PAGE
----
Do you see much talent coming through?
It’s scary how much talent there is – and it makes me really anxious about all the talent that must be slipping through the cracks, because they don’t know about the role of copywriter specifically, or the paths that take you there.
A lot of old-school ad creatives are a little down on teaching what we do at uni – and, in fairness, I think it’s coming from a good place, where they’re living proof of working and growing on the job. But I do genuinely believe that we’re setting these young creatives up to be happy and successful in the industry.
If I thought for a second we were churning out cookie-cutter, textbook creatives, I’d knock it on the head in an instant. But what a course like ours does is help a young person find out what kind of creative they really are – not obediently dress up like the one we’re telling them to be.
How has lockdown been for you?
How do you drum up work?
I’ve been entirely converted to the joys of LinkedIn. Yes, there’s an enormous amount of bullshit on there, but also a huge community of people who want to see silly creative stuff without having to actually learn anything important.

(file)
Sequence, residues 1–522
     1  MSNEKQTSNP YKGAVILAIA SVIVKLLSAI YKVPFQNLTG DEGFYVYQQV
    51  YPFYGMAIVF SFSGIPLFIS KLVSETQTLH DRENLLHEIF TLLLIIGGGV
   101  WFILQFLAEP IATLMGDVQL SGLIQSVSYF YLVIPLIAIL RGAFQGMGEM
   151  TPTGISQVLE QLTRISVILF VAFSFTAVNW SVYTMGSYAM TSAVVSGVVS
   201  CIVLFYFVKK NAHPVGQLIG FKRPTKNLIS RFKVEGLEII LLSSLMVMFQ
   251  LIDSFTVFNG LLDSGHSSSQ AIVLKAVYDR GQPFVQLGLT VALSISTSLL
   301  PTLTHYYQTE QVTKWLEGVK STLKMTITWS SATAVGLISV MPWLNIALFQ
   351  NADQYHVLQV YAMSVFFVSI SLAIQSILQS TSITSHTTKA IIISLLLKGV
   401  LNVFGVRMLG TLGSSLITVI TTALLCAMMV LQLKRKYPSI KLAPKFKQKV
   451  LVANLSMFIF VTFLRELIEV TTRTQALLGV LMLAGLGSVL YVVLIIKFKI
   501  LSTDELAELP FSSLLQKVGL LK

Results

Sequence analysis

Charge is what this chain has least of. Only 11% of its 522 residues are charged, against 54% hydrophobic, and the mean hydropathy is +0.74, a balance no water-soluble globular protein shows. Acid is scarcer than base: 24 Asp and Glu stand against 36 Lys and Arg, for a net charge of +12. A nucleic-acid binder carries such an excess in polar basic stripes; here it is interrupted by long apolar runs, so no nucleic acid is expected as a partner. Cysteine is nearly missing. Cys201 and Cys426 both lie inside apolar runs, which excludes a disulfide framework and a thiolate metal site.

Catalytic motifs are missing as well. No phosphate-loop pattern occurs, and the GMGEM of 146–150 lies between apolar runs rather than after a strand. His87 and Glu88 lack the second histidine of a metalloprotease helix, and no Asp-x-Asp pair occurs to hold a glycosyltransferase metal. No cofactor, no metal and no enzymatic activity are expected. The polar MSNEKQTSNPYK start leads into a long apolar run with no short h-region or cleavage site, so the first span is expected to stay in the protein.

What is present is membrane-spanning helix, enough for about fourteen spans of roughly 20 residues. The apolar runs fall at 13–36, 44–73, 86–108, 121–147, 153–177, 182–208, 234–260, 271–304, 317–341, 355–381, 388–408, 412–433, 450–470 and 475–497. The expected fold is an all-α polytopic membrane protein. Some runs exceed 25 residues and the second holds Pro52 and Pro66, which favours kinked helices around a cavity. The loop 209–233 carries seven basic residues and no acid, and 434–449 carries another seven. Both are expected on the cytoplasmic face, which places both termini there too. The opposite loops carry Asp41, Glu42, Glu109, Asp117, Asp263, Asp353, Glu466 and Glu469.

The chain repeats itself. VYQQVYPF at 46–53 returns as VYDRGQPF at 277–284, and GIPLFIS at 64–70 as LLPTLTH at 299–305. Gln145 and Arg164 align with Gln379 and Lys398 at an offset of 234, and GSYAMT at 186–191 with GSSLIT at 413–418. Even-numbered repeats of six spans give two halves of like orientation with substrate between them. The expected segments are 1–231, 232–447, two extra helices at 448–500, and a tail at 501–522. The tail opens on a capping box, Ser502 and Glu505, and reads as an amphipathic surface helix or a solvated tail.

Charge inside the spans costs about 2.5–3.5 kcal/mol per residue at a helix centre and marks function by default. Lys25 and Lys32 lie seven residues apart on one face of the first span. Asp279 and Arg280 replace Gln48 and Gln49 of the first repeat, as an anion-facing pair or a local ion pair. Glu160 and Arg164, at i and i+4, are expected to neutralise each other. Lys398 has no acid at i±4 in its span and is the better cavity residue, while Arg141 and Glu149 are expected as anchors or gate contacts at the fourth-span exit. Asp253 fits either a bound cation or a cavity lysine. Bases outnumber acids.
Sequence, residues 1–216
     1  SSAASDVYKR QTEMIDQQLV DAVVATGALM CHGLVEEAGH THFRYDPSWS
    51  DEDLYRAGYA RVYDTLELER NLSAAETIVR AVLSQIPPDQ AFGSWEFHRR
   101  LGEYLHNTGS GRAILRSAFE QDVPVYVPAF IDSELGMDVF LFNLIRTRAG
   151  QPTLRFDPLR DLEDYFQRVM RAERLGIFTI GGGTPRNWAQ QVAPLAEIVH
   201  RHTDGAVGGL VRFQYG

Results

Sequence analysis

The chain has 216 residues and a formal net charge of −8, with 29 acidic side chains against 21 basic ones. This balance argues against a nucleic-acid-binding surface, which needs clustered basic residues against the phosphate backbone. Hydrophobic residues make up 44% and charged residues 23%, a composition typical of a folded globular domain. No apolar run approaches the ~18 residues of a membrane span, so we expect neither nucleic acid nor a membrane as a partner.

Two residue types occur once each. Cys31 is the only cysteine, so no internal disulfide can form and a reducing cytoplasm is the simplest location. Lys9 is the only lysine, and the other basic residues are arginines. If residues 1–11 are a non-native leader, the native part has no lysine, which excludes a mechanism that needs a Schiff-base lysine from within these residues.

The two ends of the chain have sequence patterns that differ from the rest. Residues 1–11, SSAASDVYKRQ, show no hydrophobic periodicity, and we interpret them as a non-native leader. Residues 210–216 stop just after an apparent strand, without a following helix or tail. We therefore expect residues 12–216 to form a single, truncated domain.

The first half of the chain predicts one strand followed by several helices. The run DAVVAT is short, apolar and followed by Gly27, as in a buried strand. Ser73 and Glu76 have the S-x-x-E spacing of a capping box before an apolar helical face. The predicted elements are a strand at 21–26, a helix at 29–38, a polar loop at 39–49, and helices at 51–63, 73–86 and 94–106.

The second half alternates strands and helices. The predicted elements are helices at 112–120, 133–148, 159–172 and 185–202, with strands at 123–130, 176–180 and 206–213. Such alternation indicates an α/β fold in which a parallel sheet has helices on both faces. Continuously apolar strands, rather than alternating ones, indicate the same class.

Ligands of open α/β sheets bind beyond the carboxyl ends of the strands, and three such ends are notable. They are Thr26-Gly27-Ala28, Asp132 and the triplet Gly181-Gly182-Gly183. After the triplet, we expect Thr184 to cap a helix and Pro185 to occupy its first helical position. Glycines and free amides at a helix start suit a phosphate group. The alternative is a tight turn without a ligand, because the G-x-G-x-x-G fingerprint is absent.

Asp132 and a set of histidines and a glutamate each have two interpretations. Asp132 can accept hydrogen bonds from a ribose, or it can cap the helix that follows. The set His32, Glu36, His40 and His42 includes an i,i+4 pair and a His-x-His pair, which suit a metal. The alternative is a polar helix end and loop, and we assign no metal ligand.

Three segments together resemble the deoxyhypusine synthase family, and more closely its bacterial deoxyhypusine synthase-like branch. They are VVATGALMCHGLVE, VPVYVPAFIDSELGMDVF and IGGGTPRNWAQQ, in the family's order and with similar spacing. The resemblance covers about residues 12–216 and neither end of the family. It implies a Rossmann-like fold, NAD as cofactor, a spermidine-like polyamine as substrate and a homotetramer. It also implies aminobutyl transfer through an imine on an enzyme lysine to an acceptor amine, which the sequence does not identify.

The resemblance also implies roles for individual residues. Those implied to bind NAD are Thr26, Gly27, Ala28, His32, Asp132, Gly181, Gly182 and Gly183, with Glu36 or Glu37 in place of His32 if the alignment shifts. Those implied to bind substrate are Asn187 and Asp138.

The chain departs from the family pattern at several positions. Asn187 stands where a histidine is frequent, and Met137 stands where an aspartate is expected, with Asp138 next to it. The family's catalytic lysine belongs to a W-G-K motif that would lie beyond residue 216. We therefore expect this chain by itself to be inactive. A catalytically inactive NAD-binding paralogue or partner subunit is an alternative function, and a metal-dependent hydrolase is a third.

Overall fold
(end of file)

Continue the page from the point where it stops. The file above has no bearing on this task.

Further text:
So I’ve started to focus my energy on just messing around with words on LinkedIn and it’s been oddly rewarding in terms of new clients, new gigs and – more importantly – chatting to new people I really like and admire. The only downside is that I get told off quite a bit on LinkedIn for my language – it’s a little bit more delicate than other social media platforms in that respect.
Any books you’d recommend?
The students on my course get my standard list of excellent copy books drummed into them on a daily basis. Read Me (by a wonderful chap I actually know, Gyles Lingwood) is still as good a practical copywriting guide as I’ve ever read.
Steve Harrison writes so compellingly about copywriting, it’s an easy way to get people to fall in love with the life. But there are so many excellent books about the craft of writing that, I think, teach young copywriters about the beauty and persuasive potential of words and stories.